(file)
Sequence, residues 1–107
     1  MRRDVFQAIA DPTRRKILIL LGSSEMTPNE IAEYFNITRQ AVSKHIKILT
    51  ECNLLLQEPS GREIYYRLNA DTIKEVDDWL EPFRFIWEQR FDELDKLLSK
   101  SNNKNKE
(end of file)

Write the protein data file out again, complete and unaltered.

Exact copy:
Sequence, residues 1–107
     1  MRRDVFQAIA DPTRRKILIL LGSSEMTPNE IAEYFNITRQ AVSKHIKILT
    51  ECNLLLQEPS GREIYYRLNA DTIKEVDDWL EPFRFIWEQR FDELDKLLSK
   101  SNNKNKE